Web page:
Dirty Is A Relative Term

Just when I think that I’ve really got nothing to write about, I trip over a conversation with my son, at bedtime, when I “tuck” him into bed. I don’t actually pull his covers up and smooth them out across his chest, ala June Cleaver, as she did for Wally and The Beav in their little single beds. That’s because I really don’t know where I would begin. My son climbs into a cluster-fuck mound of sheets, comforter and pillows every night, and he likes it that way. The feather bed under his bottom sheet is generally half-hanging off the edge, like a giant, bed-sized tumor that really needs to be seen by a specialist. This, because my son is far from motionless during the night; if he’s not walking around, taking his clock off the wall for no apparent reason, he’s wrestling with an invisible, nocturnal sasquatch—at least that’s what it looks like in the morning. I really don’t want to get too close to his sheets, anyway. I really don’t want to get too close to his room at all, but I do, and I’ve lived to tell the tale.

In my opinion, more parents should be tucking in their teenagers, at a decent time, with a wish for a good night’s sleep, a little head scratch and a promise that tomorrow, there will be more pain and suffering until eventually, you die. Wait. Scratch that. I simply mean that I enjoy helping my kids complete the long day’s journey into night. And from what I can tell, they like it too. A quick convo, and all of the day’s grime is washed away—mental grime, that is, as I was reminded of recently.

“Mom, I’m going to bed.”

“Ok. Be there in a minute.”

I padded through the kitchen toward his bedroom, wondering if I’d actually get any writing done, or instead settle in for a little TV. Turning the corner into his room, I had my answer.

“Oh my god. What are you doing?” I put my arms straight out, hands flexed, knees slightly bent, like a cop directing traffic in a busy intersection. If I had a whistle, I’d have blown it—hard. There he sat, on the side of the bed, preparing to snuggle in for the night. Toes lifted off the ground, ready to rotate 90 degrees onto the bed, where he would do the little foot wiggle so he could burrow his long legs under his covers.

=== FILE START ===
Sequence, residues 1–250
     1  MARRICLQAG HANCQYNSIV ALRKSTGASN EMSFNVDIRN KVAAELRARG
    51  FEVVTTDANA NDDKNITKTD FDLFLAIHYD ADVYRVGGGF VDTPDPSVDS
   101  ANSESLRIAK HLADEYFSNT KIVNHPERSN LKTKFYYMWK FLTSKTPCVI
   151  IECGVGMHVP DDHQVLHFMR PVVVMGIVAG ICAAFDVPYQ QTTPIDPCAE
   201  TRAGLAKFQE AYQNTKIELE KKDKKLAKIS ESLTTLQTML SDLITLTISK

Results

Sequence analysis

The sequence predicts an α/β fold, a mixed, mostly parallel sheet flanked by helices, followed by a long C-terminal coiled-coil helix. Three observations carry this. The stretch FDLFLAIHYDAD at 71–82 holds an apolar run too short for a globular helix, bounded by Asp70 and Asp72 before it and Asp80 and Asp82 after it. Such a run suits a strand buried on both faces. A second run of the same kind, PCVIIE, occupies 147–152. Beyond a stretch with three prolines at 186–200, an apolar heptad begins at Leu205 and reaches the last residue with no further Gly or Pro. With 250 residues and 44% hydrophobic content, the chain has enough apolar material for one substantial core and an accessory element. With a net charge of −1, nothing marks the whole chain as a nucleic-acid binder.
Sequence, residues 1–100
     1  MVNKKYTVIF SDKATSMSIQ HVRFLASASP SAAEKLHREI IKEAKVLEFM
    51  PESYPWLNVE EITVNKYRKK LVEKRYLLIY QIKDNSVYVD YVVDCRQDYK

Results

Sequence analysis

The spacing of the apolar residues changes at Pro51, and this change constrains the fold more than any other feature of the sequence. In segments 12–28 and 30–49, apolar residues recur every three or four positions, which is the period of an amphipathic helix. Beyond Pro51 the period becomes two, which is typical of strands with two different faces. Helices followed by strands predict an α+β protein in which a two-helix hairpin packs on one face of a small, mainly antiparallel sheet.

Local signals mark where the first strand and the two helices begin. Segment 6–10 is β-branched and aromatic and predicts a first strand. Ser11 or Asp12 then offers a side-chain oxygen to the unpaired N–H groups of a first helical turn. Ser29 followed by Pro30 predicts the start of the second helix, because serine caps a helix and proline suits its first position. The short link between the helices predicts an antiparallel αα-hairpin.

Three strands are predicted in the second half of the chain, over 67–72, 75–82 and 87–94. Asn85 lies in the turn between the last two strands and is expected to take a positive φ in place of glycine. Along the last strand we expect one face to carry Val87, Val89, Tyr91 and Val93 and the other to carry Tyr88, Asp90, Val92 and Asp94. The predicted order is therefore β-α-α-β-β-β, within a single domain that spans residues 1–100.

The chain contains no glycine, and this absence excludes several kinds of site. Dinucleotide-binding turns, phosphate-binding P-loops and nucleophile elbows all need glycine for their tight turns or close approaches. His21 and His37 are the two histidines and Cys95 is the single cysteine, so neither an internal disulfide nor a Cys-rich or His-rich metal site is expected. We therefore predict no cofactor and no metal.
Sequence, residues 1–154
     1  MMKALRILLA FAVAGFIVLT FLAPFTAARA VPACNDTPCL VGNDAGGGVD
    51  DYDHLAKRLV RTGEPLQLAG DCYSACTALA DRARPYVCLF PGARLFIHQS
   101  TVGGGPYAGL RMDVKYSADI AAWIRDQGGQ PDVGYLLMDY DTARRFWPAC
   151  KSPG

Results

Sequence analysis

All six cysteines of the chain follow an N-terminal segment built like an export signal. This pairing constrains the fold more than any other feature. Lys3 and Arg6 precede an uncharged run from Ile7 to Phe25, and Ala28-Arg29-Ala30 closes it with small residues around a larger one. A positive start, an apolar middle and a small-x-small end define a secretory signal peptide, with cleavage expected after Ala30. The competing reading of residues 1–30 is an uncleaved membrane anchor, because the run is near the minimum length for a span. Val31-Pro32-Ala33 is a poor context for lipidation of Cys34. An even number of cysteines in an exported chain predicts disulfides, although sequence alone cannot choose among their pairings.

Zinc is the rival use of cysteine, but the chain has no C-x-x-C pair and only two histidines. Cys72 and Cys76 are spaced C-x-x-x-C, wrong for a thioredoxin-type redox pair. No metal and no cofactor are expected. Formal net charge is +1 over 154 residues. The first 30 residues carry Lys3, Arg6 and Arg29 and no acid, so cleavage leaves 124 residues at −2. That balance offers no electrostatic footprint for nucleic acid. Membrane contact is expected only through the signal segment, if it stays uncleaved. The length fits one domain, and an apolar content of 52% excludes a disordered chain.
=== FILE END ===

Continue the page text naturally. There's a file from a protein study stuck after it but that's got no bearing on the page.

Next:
“Getting into bed,” he said calmly—referring to the very same bed that just one hour prior I had put freshly laundered sheets on, right in front of him as he did his homework. Clean, white, fresh-smelling sheets. The problem? Soccer practice was climbing into bed with him, in the form of mud-crusted, grass-stained knees and shins, not to mention the very same soccer socks that he had worn at practice earlier that evening.

“How can you crawl into bed like that?” I said, barely able to mask my horror, bringing my hands up to my cheeks, ala Munch’s The Scream.

“Like what?”

“Your knees! And your socks! You’re going to put those socks into the bed with you?” (They still had grass particles stuck to them, and more than likely, gobs of flesh-eating bacteria.)

“I’m so tired, mom.”

“I know, but….well, oh god, all right. Never mind,” I surrendered, feeling all of the mom-tension flow out of me and the resignation seep in: He’s a boy.

“No, that’s ok, you’re right,” he said, as he climbed out of bed. I surged with a rush of relief. I had won, and it was easy! He won’t wallow in his own filth like the rest of his people seem content to do. My boy is different.

“I’ll wipe them off with a wash cloth.”

“What? Wait! What about a shower?”

“I’m tired,” he said again.

I didn’t argue. Shit, I was tired too. What the hell? It’s just dirt. It reminded me of when he was three, and he still used a pacifier. Someone asked me if I was concerned. I said that I was not—that I had not as yet seen a high-schooler, much less a Kindergartner, walking to school with a pacifier in his or her mouth. In other words, this too shall pass. A little dirt never killed anyone.

A moment later, an alarmingly brief moment later, he re-entered the bedroom and stood holding the once-white wash cloth, looking….confused.

“What should I do with this?”

“Geez, I don’t know, put it in there, maybe?” I said in my snarky, yet gentle-because-it’s-bedtime tone, as I pointed at his laundry basket.

“Ewwwwww.”

“Whaddya mean, ‘Ewwwww.’ It’s the dirty clothes basket.”

“Noooo. I don’t want to put it in there with my clothes.”

“But that’s where dirty clothes live. What’s the problem?”

“I might need to get something out of there tomorrow.”

And there you have it: no such thing as dirty, just varying degrees of clean. I’ll try to remember this the next time I walk into the kitchen and see not my counter-tops, but snow-drifts of crumbs, jelly smears, dried egg yolk and butter glops.

 

Photo Credits

Edvard Munch’s The Scream – Wikipedia Public Domain

This essay originally appeared at Surreal Housewife of Amador County

 

 

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